• Since the collapse of the state vector is an illusion caused by the entanglement of the experimenter with the experiment, whereupon the experimenter (now in a superposition of states) can only measure one outcome, this recless creation of macromolecular superpositions will deplete the multiverse's supply of world-lines and immanentize the eschaton. We'll have doppelgangers racing madly through the streets, and it will all end in tears.

    • Since the collapse of the state vector is an illusion caused by the entanglement of the experimenter with the experiment, whereupon the experimenter (now in a superposition of states) can only measure one outcome, this recless creation of macromolecular superpositions will deplete the multiverse's supply of world-lines and immanentize the eschaton. We'll have doppelgangers racing madly through the streets, and it will all end in tears.

      And brains!!!!!

    • Re: (Score:3, Funny)

      by eldavojohn (898314) *

      Since the collapse of the state vector is an illusion caused by the entanglement of the experimenter with the experiment, whereupon the experimenter (now in a superposition of states) can only measure one outcome, this recless creation of macromolecular superpositions will deplete the multiverse's supply of world-lines and immanentize the eschaton. We'll have doppelgangers racing madly through the streets, and it will all end in tears.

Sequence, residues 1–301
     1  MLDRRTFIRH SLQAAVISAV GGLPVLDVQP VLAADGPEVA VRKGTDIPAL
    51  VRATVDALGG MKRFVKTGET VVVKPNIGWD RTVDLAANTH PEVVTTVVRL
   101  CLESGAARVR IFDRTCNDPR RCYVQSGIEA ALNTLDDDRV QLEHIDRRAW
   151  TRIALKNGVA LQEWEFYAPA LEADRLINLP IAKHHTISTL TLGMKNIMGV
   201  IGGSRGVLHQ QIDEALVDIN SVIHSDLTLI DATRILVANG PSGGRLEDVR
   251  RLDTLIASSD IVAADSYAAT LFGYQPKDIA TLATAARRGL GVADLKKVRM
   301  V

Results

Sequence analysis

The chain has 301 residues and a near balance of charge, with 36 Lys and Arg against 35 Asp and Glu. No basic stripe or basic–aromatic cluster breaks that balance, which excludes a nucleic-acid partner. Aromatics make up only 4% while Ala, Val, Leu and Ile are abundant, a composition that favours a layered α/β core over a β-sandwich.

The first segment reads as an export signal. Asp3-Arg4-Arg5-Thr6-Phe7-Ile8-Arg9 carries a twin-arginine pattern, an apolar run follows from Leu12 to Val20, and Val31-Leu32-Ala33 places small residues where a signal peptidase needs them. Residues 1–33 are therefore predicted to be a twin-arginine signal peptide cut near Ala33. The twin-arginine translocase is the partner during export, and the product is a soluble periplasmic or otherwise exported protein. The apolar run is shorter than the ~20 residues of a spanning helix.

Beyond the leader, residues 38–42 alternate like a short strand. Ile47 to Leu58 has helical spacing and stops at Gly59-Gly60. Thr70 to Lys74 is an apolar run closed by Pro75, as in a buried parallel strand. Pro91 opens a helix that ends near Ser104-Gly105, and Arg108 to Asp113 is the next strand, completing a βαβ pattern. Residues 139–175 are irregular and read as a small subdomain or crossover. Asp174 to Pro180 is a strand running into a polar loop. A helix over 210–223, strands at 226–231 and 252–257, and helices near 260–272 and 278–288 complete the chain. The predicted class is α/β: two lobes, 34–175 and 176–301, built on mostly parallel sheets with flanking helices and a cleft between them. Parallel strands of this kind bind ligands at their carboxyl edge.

Close but what's really going to happen is that we are going to put this virus in a superposition where it will enter a world that is parallel to ours. That world will be a virtual utopia ... until our virus hits it. At which point they'll realize that we have just declared germ warfare on them and they will unify to work against the degenerative subpositioned attackers who they have done no harm. After millennia of trying to coexist peacefully with us, we will feel their true wrath and power ... as horr

    • Re: (Score:3, Insightful)

      by Hythlodaeus (411441)

      That's assuming there's objectively such a thing as a world-line. I favor the view that wave functions are the fundamental reality.

    • by jollyreaper (513215) on Friday September 11, 2009 @12:22PM (#29390411)

      Since the collapse of the state vector is an illusion caused by the entanglement of the experimenter with the experiment, whereupon the experimenter (now in a superposition of states) can only measure one outcome, this recless creation of macromolecular superpositions will deplete the multiverse's supply of world-lines and immanentize the eschaton. We'll have doppelgangers racing madly through the streets, and it will all end in tears.

      Seems no less reasonable than the wiki writeup on superposition. QM reads to me like high-brow White Zombie lyrics, just words rammed together with no inherent meaning. Stick a few "motherfuckers", "yeahs" and obscure movie quotes in there and I think we'd have it. I'm sure it makes sense to some people but I'd need a contact high to grok it.